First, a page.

On 2 August 1914 the Colonial Office in Berlin instructed Heinrich Schnee the Governor of German East Africa to play down fears of war and he ordered that no hostile action was to be taken.[1] To the north, Governor Sir Henry Conway Belfield of British East Africa stated that he and "this colony had no interest in the present war."[10] The colonial governors, who often met in pre-war years, had discussed these matters and wished to adhere to the Congo Act of 1885, which called for overseas possessions to remain neutral in the event of a European war.[11]

The British and Germans only maintained small forces to deal with local risings and border raids.[12] It was considered dangerous to have Africans fight white troops, even where both sides were predominantly composed of Africans with European officers. On the outbreak of war there were 2,760 Schutztruppen in fourteen field companies. The King's African Rifles ("KAR") had 2,319 men but most were operating on the northern frontier of British East Africa.[13]

Campaign history

Operations, 1914–1915

East Africa, 1914–1918

In East Africa, the Congo Act was first broken by the British.[14] On 5 August 1914, troops from the Uganda protectorate assaulted German river outposts near Lake Victoria, and on 8 August a direct naval attack commenced when the Royal Navy warships HMS Astraea and Pegasus bombarded Dar es Salaam from several miles offshore.[15] In response, the commander of the German forces in East Africa, Lieutenant Colonel Paul Emil von Lettow-Vorbeck, bypassed Governor Schnee, nominally his superior, and began to organize his troops for battle. At the time, the German Schutztruppe in East Africa consisted of 260 Germans of all ranks and 2,472 Askari and was approximately numerically equal with the two battalions of the King's African Rifles (KAR) based in the British East African colonies.[16][1]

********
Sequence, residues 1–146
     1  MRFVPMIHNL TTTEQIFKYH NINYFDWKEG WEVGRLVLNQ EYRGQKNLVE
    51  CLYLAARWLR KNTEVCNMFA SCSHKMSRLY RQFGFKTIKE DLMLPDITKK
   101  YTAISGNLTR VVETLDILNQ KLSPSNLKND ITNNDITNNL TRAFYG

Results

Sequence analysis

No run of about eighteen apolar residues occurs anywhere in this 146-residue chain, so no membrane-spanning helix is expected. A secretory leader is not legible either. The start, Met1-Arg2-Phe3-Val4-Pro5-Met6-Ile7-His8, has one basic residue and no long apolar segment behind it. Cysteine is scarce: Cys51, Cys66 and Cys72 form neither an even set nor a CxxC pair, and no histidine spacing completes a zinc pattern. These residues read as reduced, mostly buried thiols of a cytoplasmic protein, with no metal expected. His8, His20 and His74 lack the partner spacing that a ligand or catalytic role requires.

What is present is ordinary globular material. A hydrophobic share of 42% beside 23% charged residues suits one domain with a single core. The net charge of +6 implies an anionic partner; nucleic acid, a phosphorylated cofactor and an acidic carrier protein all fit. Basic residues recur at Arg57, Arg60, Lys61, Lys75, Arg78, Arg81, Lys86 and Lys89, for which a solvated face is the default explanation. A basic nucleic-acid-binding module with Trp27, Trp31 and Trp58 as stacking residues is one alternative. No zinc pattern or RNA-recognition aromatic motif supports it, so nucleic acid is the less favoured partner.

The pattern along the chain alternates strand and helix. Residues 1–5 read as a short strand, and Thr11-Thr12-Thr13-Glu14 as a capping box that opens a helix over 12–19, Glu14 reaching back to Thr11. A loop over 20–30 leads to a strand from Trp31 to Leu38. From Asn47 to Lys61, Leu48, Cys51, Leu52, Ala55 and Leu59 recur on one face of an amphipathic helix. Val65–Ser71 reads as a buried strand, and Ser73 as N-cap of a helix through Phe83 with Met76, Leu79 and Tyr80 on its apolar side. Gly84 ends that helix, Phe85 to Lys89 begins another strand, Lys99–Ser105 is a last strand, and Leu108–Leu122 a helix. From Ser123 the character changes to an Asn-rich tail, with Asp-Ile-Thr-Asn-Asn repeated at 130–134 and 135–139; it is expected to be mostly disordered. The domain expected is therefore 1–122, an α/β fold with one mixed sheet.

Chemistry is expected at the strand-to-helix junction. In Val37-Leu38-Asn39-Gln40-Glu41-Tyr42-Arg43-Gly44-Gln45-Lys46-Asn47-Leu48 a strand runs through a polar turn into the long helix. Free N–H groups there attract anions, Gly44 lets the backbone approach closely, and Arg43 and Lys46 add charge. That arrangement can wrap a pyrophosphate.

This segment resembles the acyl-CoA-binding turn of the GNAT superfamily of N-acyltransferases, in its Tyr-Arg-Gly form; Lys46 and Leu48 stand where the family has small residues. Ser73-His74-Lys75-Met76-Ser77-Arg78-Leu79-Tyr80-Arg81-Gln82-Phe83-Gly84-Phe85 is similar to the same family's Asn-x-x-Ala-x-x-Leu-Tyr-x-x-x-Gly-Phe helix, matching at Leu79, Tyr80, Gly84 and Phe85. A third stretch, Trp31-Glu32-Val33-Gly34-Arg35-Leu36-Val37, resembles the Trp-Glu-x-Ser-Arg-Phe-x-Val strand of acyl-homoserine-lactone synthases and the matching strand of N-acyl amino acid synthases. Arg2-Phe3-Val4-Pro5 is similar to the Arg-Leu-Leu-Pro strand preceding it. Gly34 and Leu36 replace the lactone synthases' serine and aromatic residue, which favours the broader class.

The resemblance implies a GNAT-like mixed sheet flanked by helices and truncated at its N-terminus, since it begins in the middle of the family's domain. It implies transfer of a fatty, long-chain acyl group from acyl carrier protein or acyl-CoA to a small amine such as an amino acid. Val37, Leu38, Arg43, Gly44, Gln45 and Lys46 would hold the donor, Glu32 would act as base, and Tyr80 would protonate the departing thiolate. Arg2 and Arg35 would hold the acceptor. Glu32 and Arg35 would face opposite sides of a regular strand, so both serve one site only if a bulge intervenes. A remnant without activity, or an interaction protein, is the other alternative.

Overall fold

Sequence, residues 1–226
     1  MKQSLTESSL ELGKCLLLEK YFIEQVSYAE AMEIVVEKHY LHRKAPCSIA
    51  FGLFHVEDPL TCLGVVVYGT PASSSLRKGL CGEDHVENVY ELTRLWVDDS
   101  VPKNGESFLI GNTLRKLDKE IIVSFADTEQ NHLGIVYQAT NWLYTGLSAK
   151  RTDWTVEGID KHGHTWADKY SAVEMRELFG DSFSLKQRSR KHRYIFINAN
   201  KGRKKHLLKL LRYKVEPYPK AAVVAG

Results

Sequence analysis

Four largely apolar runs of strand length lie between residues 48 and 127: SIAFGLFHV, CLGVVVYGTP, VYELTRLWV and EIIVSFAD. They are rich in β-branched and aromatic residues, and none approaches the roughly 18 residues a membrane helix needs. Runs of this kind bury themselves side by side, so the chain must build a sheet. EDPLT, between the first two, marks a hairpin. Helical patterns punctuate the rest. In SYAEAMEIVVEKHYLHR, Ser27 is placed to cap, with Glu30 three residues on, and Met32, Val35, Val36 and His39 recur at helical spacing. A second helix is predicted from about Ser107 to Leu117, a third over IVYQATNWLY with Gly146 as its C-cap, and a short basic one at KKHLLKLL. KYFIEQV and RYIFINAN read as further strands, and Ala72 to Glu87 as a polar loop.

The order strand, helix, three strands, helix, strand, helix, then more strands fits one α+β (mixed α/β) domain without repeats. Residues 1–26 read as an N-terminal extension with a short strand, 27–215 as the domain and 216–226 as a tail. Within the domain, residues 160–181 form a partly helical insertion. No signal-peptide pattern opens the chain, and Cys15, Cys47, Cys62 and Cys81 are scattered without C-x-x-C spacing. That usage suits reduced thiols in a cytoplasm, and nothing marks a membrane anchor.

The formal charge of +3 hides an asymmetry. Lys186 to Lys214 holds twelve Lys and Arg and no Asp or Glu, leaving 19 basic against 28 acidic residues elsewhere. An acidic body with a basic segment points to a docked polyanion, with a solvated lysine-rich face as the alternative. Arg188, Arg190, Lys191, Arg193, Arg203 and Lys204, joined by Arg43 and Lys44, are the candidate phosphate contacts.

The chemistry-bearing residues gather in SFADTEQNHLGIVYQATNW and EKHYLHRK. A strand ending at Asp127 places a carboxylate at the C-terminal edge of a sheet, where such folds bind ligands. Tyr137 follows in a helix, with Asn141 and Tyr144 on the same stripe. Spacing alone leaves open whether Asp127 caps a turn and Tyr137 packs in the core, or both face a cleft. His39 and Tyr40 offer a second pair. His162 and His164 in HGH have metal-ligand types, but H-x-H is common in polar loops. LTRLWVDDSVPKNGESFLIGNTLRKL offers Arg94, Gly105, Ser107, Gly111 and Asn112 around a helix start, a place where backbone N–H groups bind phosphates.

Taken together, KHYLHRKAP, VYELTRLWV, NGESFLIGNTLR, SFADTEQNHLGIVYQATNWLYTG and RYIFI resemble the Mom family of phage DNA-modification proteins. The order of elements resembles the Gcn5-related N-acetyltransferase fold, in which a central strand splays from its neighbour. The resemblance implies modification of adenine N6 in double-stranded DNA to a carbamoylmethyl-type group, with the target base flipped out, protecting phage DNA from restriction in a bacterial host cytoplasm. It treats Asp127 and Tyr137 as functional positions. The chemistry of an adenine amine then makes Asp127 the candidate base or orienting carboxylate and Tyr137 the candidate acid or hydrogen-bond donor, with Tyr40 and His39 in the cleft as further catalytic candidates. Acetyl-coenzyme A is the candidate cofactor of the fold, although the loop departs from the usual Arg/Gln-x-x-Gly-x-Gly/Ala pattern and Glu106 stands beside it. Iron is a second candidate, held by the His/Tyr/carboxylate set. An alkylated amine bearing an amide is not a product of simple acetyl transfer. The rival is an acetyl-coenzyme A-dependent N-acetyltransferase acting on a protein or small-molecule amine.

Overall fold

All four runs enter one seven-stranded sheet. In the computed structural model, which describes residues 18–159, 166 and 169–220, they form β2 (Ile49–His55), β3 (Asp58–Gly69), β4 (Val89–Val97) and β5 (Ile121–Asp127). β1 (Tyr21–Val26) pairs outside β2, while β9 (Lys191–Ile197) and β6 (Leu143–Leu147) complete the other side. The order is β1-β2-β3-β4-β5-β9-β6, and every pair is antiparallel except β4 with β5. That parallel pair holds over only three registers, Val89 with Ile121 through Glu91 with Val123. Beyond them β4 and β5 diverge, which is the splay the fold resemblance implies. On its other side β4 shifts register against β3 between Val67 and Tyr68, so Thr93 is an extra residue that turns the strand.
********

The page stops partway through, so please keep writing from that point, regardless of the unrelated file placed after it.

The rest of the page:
On 15 August, German Askari forces stationed in the Neu Moshi region engaged in their first offensive of the campaign. Taveta on the British side of Kilimanjaro fell to 300 askaris of two field companies with the British firing a token volley and retiring in good order.[17] In September, the Germans began to stage raids deeper into British East Africa and Uganda. German naval power on Lake Victoria was limited to Hedwig von Wissmann and Kingani a tugboat armed with one "pom-pom" gun, causing minor damage but a great deal of news. The British then armed the Uganda Railway lake steamers SS William Mackinnon, SS Kavirondo, Winifred and Sybil as improvised gunboats. Two of these[which?] trapped the tug, which the Germans scuttled.[18] The Germans later raised her, dismounted her gun for use elsewhere and continued to use the tug as an unarmed transport; with the tug disarmed "teeth removed, British command of Lake Victoria was no longer in dispute."[19]